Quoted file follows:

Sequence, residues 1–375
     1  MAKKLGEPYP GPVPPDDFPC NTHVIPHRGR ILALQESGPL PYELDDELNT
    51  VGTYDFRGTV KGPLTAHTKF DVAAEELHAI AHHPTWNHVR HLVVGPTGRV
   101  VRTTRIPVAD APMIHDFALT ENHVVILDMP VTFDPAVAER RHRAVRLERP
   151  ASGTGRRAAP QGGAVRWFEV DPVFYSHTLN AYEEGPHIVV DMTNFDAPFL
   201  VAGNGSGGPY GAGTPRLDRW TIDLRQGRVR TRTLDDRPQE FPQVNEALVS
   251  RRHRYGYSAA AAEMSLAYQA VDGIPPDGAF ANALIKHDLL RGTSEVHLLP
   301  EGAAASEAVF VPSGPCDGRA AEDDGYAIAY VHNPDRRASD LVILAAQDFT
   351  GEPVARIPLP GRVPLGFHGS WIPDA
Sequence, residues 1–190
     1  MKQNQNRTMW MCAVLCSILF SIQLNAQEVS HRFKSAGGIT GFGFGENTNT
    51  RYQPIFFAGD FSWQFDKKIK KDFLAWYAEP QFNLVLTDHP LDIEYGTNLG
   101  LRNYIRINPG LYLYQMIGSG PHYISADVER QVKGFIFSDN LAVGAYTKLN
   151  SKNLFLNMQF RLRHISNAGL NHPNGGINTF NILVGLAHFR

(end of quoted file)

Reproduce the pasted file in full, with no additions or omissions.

Sequence, residues 1–375
     1  MAKKLGEPYP GPVPPDDFPC NTHVIPHRGR ILALQESGPL PYELDDELNT
    51  VGTYDFRGTV KGPLTAHTKF DVAAEELHAI AHHPTWNHVR HLVVGPTGRV
   101  VRTTRIPVAD APMIHDFALT ENHVVILDMP VTFDPAVAER RHRAVRLERP
   151  ASGTGRRAAP QGGAVRWFEV DPVFYSHTLN AYEEGPHIVV DMTNFDAPFL
   201  VAGNGSGGPY GAGTPRLDRW TIDLRQGRVR TRTLDDRPQE FPQVNEALVS
   251  RRHRYGYSAA AAEMSLAYQA VDGIPPDGAF ANALIKHDLL RGTSEVHLLP
   301  EGAAASEAVF VPSGPCDGRA AEDDGYAIAY VHNPDRRASD LVILAAQDFT
   351  GEPVARIPLP GRVPLGFHGS WIPDA
Sequence, residues 1–190
     1  MKQNQNRTMW MCAVLCSILF SIQLNAQEVS HRFKSAGGIT GFGFGENTNT
    51  RYQPIFFAGD FSWQFDKKIK KDFLAWYAEP QFNLVLTDHP LDIEYGTNLG
   101  LRNYIRINPG LYLYQMIGSG PHYISADVER QVKGFIFSDN LAVGAYTKLN
   151  SKNLFLNMQF RLRHISNAGL NHPNGGINTF NILVGLAHFR